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The F-Word

Forgiveness is hard. Forgiveness is especially hard when we have lost a child. We try to justify our loss. Someone needs to be blamed. In some cases, someone is responsible for our loss, and I hope the justice system works in these cases. In many other cases, such as a fatal illness, an accidental death, suicide, or an overdose, there may be no one to truly blame. Instead, we blame ourselves, we blame God, or we may blame our child. By finding someone to blame, it helps to make sense of a loss that doesn't make sense.

For me, I blamed my son, Mark, and I blamed myself. Mark chose to take his life. He should have reached out and sought help. Maybe he did and I didn't see it. Blaming him didn't last long, before I turned the blame on myself. I should have seen the signs. I could have asked the question, "Are you thinking about suicide?" I should have done something to prevent his death from happening. These "I should have's" and "I could have's" will not bring Mark back. Blaming Mark or blaming myself, is not going to bring Mark back. All it does is create negative thoughts and emotions that will slowly destroy me over time. What is the solution? Forgiveness.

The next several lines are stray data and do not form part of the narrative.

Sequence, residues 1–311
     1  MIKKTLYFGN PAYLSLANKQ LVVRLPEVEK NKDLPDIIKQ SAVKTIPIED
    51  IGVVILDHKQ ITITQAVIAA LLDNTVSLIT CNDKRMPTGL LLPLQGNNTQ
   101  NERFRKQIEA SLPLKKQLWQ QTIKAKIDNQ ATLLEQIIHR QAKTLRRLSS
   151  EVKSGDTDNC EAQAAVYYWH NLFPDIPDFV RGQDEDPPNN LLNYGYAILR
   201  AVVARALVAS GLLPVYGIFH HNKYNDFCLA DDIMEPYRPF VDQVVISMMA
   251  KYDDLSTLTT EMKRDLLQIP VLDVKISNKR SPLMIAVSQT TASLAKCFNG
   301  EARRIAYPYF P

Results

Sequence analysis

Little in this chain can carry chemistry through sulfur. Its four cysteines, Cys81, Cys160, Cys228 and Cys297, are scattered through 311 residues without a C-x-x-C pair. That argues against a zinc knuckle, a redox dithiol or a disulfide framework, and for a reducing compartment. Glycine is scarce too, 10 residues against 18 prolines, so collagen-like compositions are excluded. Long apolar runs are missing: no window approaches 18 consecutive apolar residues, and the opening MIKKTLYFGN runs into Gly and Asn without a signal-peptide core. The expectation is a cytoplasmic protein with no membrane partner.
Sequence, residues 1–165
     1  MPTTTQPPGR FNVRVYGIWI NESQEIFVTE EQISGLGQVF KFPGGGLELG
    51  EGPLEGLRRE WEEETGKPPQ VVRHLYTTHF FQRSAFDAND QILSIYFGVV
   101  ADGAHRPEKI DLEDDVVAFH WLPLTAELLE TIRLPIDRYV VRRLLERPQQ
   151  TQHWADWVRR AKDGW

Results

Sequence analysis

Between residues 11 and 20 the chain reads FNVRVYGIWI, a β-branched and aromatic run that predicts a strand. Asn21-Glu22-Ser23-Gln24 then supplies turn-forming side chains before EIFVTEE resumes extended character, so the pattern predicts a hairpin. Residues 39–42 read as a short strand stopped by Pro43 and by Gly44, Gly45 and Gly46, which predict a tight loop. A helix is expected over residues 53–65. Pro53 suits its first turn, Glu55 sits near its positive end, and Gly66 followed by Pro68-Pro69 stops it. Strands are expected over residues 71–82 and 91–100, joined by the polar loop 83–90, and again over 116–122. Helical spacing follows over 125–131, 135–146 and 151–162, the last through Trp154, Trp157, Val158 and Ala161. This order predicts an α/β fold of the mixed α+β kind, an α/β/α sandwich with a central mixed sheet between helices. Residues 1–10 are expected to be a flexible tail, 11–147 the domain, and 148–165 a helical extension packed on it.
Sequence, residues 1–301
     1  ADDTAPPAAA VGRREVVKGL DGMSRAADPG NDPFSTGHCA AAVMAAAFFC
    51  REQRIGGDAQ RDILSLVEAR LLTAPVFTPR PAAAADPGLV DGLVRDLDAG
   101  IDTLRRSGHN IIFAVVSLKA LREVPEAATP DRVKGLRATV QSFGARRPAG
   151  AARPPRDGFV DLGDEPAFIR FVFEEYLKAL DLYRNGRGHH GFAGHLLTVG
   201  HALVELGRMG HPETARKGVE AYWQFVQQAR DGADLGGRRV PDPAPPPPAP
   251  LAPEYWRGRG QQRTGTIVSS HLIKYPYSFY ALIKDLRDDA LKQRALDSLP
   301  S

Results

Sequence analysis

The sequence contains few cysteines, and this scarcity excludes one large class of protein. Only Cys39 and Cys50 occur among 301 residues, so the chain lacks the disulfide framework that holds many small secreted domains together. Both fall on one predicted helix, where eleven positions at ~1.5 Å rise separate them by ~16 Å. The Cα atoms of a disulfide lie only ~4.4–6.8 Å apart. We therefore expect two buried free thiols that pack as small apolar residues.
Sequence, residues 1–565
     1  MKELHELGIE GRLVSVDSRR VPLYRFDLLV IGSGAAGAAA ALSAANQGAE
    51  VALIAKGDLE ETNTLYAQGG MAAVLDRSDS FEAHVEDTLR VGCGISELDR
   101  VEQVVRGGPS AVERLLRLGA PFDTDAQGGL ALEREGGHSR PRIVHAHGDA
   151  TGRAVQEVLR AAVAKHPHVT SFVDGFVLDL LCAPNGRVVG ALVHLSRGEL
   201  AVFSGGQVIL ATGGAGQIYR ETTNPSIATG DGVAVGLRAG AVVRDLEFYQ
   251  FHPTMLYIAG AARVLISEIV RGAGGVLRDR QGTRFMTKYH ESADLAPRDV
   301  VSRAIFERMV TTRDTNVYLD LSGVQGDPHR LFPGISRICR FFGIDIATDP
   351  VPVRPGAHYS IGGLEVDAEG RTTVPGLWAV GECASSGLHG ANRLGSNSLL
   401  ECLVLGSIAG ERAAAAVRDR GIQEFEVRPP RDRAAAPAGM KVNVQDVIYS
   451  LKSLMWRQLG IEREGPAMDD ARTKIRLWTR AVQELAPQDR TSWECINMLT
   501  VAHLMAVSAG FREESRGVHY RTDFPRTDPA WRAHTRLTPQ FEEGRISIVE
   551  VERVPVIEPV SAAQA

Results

Many people think forgiveness is for the person we forgive. It feels like we are letting them off the hook for the wrong they did. Forgiveness is not for them. It is for you. Forgiving those you blame removes the negative thoughts and emotions, like anger, vengeance, and hatred, and lets them go from inside you. That may also reduce your stress, your heart rate, and your blood pressure. Forgiveness is for you, especially if you blame yourself, like many of us do. Make the effort to take a deep breath and forgive yourself, and anyone else you may be blaming. You will do yourself a huge favor!

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